When I planned on walking into the Denali wilderness, I never imagined I would sit at the base of a glacier, surrounded by animals straight from a folk tale and fear that I was in way over my head. When you tell someone you are going backpacking in the Denali wilderness–a place with no trails, they imagine two things: you will become lost in an Arctic tundra and you will be consumed by bears. We had walked for 12 miles in a straight line with excellent visibility, getting lost would be difficult. We have been backpacking in bear country for years without incidents, so death by bear felt unlikely. We felt ready.
However, as we sat beside a glacial stream, watching a grizzly mother bear and her two sub adult cubs guard a food cache 100 yards from where we planned to set up our tent, I began to ponder the real possibility of not finding a place to sleep. Back in the comfort of my summery Seattle apartment, a dinner shared with Dall’s sheep sitting high upon a cliff, three grizzly bears and a herd of more than one hundred caribou feels like a dream, too spectacular to be true. But what I remember most from that moment was not complete awe for the natural splendor we were witnessing, but real concern over where one can rest when surrounded by wild animals. Backpacking in Denali meant embracing this uncivilized fear.
We visited a wildlife refuge the following week and saw many of the same animals, much closer, yet it felt nothing like that moment out on the tundra. Was it because we were visiting them in their habitat? The incredible feeling of seeing something free, where it is supposed to be? Certainly yes, but the feeling of becoming a participant in this ecosystem, rather than a spectator is what calls me again and again to the trail. I felt the silty river push sediment between my toes, moved from place to place to avoid an apex predator, and was mentally exhausted from traveling without a path to show me where to go. To say that it was a trip teeming with metaphors is an understatement.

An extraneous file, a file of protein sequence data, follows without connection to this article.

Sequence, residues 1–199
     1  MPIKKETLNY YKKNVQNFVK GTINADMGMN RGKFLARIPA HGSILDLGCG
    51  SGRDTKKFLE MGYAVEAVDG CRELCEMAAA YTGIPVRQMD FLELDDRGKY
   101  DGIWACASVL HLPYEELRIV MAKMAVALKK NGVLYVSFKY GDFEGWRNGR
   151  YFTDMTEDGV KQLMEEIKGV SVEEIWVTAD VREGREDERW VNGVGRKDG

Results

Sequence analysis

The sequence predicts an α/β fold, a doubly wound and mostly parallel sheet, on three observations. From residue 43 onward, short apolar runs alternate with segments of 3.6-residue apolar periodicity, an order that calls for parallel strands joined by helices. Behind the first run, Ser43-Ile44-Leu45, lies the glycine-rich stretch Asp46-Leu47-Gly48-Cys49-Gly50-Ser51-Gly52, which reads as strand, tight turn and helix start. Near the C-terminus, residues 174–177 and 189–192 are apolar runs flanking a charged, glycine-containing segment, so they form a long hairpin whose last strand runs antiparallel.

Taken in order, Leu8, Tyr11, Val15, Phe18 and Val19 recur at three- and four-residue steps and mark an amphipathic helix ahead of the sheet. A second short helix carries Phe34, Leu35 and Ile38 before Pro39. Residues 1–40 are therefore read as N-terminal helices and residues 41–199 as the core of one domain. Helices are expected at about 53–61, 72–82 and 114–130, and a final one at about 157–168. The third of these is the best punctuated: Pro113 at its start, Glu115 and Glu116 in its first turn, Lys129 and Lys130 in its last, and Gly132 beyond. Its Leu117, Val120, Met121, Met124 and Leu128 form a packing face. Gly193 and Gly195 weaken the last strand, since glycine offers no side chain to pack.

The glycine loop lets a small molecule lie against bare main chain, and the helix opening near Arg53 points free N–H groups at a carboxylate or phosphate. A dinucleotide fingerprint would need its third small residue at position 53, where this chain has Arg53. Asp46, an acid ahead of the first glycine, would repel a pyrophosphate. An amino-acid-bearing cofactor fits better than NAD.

Denali. It is a place like no other and I can’t wait to go back.
We watched the bus round the corner, leaving us alone on the Denali Highway. The sun was warm on our backs while a persistent wind whipped around us. We looked at each other and shrugged, I guess it is time to do this thing. We shouldered our packs, stepped off the road and started walking.
We were backpacking in Denali National Park. Unlike the areas we frequent in Washington, backpacking in Denali is an entirely different beast. There are no established trails–if you see one that means an animal made it. No established campsites, just a requirement to be out of view of the road. No bridges, privies, infrastructure, few people. Just the Alaskan wilderness and us, carrying our belongings and hopes on our backs.
We set off down I Scream Gulch, a moderately steep gulch that led down to the river bed. Ptarmigan rushed out from under bushes, clucking like the alpine chicken they are. We aggressively hollered for bears, as the thick brush and alder made it difficult to see very far. Then we made it to the wide river bed stretching nearly a mile across.
Gravel left from retreating glaciers spread wide under the peaks of the Alaska Range. A river thick with glacial sediment braided through the rocks, meeting and separating again and again. We took a seat on the river’s eastern edge and I pulled the hard boiled eggs I had been carrying since the early morning out of my pocket. Strange, yes, but also rather delightful.
We were following the river to the headwaters, which made navigation easier. With visibility for more than 7 miles, we could see the bend we needed to get to in order to find a spot out of view of the road and acceptable to camp. Opting to walk on the durable surface, we began walking on the riverbed. Every now and again the river would come close to the bank and we would hop onto the alder-strewn floodplain.